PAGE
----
Regardless of the age of the child in question, we cannot terminate a child support order without a court order.  If the child is five (5) months old or seventeen (17) years old and resides with a grandparent (friend, aunt, uncle, etc.) instead of the mother, we can’t terminate support unless there is an order granting custody to third party.  This also applies to Temporary Custody Orders.  The custody order must be finalized for us to proceed with termination or redirection of support. If a change of custody order is not filed the support will keep going to the custodial parent. No exceptions.

There’s a custody change order, why isn’t my support terminated (Redirection of Support)?

Often times when there is a custody change order to a third party (anyone other than the parents) and there is a support order already in place, a redirect of support is often stated in the order. A redirection of support will simply add the third party to the case and the current obligations will then be redirected to them.  Current obligations (child support, medical support, and medical coverage) will terminate to the former custodial parent and be redirected to the new third party.  The arrears to the former custodial parent will remain owed to the custodial parent.

The child has moved in with the other parent who’s ordered to pay support, now what?

As previously stated, Ohio cannot terminate support without a court order. If your child now resides with you and no longer with the custodial parent, you need to file a motion to modify custody.  We cannot send a termination of income withholding to your employer. Support will keep coming in and going out to the custodial parent unless and until we receive an order from the court stating otherwise.

What if the parties get married to each other or remarry each other?

Please provide our agency with a copy of the marriage certificate.  We can terminate support based the parties being married, however, unless specified in the order, the arrears owed will remain on our system for collection.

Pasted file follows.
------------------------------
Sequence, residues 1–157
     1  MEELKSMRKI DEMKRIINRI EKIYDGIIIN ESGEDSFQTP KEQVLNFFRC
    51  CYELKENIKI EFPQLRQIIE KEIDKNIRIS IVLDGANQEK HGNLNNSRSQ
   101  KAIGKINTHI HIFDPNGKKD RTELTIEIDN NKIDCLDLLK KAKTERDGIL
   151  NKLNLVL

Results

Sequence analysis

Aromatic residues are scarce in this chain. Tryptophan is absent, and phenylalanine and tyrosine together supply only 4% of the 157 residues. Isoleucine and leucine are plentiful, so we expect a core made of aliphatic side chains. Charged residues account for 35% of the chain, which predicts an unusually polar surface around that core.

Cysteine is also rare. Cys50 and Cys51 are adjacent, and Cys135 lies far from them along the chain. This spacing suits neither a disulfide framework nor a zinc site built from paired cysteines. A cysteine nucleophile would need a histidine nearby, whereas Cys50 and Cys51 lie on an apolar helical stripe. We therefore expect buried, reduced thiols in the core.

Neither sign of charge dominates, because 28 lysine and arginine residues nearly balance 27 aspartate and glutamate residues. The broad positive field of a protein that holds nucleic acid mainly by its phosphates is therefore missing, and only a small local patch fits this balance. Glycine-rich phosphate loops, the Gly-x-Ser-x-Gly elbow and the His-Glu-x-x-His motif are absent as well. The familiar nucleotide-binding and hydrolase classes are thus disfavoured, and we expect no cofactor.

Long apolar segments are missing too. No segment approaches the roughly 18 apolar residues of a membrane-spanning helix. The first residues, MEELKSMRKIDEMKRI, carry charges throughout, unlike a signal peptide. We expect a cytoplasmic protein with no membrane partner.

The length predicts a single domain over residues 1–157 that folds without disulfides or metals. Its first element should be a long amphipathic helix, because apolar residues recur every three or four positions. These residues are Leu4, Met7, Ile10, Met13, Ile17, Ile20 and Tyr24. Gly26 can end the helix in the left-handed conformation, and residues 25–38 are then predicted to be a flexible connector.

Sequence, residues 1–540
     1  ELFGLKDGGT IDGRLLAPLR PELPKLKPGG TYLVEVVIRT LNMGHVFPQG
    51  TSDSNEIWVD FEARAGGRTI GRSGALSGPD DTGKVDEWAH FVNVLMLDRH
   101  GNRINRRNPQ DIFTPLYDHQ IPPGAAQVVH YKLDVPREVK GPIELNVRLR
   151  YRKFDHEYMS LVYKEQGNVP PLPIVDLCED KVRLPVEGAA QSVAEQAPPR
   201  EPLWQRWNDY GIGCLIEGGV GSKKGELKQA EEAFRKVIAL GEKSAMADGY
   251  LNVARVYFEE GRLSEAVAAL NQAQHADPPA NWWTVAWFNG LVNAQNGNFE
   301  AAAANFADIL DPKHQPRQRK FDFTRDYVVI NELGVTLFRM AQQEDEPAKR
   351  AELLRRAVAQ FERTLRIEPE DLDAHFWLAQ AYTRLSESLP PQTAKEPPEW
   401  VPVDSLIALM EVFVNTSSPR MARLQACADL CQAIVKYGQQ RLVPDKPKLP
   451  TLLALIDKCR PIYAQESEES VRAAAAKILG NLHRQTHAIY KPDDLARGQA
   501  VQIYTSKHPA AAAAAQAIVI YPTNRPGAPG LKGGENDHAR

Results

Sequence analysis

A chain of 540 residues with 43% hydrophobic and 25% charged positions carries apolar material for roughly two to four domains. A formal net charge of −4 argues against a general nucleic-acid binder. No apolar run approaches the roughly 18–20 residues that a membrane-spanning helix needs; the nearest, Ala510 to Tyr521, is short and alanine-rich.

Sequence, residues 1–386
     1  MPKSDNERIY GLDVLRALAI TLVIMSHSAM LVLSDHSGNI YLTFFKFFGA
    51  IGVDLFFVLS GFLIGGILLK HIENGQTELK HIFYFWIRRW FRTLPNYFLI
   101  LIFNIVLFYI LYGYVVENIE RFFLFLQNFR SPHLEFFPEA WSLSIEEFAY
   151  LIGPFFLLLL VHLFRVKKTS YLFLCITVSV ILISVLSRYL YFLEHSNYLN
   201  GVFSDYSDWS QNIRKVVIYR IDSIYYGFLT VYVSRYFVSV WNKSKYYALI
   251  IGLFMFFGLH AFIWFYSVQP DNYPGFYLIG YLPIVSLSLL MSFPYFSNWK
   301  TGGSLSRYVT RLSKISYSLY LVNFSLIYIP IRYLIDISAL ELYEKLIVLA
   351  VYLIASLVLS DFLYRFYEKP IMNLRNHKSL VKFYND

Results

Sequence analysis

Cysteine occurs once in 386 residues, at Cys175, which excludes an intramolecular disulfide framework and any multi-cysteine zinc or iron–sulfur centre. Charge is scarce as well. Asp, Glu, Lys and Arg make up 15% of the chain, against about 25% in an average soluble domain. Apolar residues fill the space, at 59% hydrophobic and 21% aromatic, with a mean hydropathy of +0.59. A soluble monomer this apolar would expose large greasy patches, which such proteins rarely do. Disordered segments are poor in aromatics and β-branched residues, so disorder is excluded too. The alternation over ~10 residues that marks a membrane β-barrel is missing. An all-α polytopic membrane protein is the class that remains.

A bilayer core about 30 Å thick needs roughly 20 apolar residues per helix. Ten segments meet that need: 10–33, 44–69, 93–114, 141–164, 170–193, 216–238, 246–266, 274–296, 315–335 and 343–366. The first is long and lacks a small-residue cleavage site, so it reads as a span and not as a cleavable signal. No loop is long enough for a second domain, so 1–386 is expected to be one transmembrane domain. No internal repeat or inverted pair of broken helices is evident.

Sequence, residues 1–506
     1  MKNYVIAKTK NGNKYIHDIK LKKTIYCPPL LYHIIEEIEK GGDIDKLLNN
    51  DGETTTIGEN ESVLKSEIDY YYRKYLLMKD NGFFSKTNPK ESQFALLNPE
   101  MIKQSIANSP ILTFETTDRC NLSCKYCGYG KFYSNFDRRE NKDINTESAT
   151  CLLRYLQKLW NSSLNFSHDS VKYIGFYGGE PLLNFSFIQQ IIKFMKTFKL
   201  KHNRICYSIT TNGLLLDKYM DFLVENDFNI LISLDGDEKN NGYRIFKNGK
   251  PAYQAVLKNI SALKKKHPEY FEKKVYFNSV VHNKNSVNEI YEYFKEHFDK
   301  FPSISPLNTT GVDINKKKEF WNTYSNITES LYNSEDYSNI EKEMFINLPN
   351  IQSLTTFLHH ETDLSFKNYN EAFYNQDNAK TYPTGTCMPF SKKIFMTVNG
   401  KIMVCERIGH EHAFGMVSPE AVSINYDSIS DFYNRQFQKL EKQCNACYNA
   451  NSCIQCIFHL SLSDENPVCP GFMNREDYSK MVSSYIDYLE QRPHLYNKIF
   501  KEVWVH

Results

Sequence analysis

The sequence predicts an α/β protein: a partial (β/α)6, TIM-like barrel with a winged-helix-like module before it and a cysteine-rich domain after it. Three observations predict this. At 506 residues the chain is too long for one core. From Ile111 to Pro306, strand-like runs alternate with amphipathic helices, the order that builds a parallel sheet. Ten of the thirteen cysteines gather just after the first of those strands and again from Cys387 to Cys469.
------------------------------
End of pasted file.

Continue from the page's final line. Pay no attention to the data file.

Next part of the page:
• If the order is an administrative order and has never been to court, the arrears due the client can be removed. However, any arrears owed to the state of Ohio will remain and the CSEA will collect until paid in full.
  • If the order is a court order and needs to be referred for termination, a hearing date will be scheduled. If the client wants to waive the arrears owed to her, it is imperative that she attends this hearing. If the client does not appear and waive the arrears due her, they will remain on our system for collection. Arrears owed to the state of Ohio cannot be waived and will remain on our system for collection until they are paid in full.

What happens if the child support payor dies?

If the person obligated to pay child support passes away, the CSEA will obtain a copy of the death certificate and refer the case for termination of support. Because no one but the payor is responsible for the child support arrears, the CSEA may close the case based on the death of the payor. The payee may contact an attorney regarding the payor’s estate and possible collection of arrears that way.

What happens if the child support payee dies?

If the payee or person who receives child support passes away and there are minor children on the case, the CSEA will obtain a copy of the death certificate.  We will also try to find out who has been awarded custody of the minor child(ren).  If the surviving mother/father of the child has custody, we will refer the case for termination of support.  The arrears due the state of Ohio, if any, will remain for collection until the case is paid in full. If a third party has been awarded custody of the minor child(ren), the court will determine the next action to be taken (redirect of support, termination of support, etc.).

What happens if a child on the case dies?

If a child on a case passes away, a death certificate will be obtained and the case will be forwarded to court for termination of support for this child.  The arrears owed to the client/state of Ohio will remain for collection until they are paid in full.

The child on my case is 30 years old, why do I still owe?

There is no statute of limitations in Ohio in regards to arrears owed for child support.  You are responsible for the child support that should have been paid when the “child” was a minor. The CSEA will keep the case open for collection regardless of how old the “child” on the order is or how old the case is.